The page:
Wall Street Bonuses Double Full-Time Minimum Wage Worker Earnings

Wall Street bonuses totaled $28.5 billion in 2014 —double the combined annual earnings of the more than 1 million American full-time minimum wage workers, according to an Institute for Policy Studies analysis of New York State Comptroller bonus figures released today.

Wall Street bonuses rose 3 percent last year, despite a 4.5 percent decline in industry profits. The size of the bonus pool was 27 percent higher than in 2009, the last time Congress increased the minimum wage.

The 2014 bonus pool is so large it far exceeds the amounts needed to lift the wages of all 2.9 million restaurant servers and bartenders, all 1.5 million home health and personal care aides, or all 2.2 million fast food preparation and serving workers up to $15 per hour.

IPS also calculated how much more of a national economic boost would be gained if a similar sum were funneled into the pockets of minimum wage workers. If the $28.5 billion had gone to minimum wage workers who need to spend nearly every dollar they make, the U.S. GDP would be expected to grow by about $34 billion, more than triple the $11 billion boost expected from the Wall Street bonuses.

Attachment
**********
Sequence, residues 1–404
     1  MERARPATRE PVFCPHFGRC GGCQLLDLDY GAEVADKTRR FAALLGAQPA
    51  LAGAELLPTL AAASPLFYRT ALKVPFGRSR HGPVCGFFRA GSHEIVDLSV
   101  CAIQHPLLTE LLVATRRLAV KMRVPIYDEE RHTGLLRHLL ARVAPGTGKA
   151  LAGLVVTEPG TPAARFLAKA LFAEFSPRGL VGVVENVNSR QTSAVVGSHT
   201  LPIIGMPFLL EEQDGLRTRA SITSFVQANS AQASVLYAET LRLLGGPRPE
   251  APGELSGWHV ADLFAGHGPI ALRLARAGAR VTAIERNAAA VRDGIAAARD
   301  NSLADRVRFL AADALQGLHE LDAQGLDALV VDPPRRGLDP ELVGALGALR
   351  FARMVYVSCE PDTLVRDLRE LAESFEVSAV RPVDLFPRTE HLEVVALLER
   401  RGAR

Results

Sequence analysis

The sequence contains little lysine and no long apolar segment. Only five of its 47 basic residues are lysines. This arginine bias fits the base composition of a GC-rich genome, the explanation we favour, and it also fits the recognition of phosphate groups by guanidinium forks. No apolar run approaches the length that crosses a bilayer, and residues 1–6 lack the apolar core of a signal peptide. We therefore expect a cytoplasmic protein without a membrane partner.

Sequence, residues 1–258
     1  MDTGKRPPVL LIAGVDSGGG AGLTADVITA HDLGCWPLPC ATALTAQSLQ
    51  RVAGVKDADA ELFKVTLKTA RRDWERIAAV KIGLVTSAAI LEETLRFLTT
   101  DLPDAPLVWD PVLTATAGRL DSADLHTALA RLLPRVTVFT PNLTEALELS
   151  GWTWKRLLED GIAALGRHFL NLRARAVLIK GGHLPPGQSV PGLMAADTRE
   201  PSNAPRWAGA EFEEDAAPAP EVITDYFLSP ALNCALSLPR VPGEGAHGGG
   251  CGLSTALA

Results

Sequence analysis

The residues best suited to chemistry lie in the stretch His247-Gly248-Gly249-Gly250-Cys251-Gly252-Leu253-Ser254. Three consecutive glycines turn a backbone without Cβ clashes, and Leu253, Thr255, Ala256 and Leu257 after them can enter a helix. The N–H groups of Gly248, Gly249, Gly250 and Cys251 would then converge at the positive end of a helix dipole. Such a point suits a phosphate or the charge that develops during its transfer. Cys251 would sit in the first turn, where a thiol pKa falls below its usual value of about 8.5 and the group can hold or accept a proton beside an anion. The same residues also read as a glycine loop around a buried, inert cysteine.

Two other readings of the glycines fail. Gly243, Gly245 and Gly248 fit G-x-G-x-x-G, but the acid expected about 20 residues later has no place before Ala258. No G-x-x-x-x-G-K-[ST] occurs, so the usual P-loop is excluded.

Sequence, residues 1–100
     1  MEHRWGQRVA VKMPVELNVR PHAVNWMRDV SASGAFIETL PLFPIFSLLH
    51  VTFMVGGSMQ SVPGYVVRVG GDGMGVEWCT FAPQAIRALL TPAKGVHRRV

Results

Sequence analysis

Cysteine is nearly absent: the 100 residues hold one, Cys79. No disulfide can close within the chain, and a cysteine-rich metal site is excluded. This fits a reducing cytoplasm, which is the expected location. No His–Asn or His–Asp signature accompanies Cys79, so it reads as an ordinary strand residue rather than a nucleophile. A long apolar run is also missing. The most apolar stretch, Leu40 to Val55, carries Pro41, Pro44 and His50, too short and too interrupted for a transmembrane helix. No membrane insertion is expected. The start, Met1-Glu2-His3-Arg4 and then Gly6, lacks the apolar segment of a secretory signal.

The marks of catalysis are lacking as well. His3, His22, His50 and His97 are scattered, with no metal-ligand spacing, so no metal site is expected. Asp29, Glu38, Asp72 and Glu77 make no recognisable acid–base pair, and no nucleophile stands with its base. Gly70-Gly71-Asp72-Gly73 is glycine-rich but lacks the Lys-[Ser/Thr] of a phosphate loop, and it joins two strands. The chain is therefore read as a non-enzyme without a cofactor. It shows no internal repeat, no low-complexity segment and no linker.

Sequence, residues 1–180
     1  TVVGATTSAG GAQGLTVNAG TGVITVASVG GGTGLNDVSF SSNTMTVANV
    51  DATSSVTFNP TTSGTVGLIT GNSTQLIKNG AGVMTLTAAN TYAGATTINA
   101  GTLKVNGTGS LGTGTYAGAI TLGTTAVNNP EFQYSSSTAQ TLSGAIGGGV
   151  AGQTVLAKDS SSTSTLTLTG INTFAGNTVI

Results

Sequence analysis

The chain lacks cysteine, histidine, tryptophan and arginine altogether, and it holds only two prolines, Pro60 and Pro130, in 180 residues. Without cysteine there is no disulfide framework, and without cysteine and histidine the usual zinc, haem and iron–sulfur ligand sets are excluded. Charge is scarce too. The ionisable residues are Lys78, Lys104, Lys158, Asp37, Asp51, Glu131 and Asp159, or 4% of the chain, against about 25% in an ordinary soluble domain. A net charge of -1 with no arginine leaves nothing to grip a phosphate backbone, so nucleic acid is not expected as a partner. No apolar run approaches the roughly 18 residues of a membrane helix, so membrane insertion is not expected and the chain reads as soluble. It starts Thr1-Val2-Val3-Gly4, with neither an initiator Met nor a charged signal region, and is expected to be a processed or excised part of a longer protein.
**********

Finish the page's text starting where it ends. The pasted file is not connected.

“It’s too early to tell whether last year’s bonuses were based on high-risk gambles that could blow up our economy again,” said report author Sarah Anderson. “But the flourishing of the Wall Street bonus culture while worker wages are stagnating is clearly a sign of perverse priorities in Washington.”

Anderson, who directs the Institute’s Global Economy Project, noted that regulators have failed to implement even the modest Wall Street pay reforms in the 2010 Dodd-Frank legislation. Anderson is a veteran executive compensation analyst, having co-authored 21 annual IPS Executive Excess reports.

For more information, contact:

Sarah Anderson, report author and Global Economy Project Director, Institute for Policy Studies, [email protected], tel: 202 787 5227

Elaine de Leon, Communications Director, Institute for Policy Studies, [email protected], tel: 202 787 5271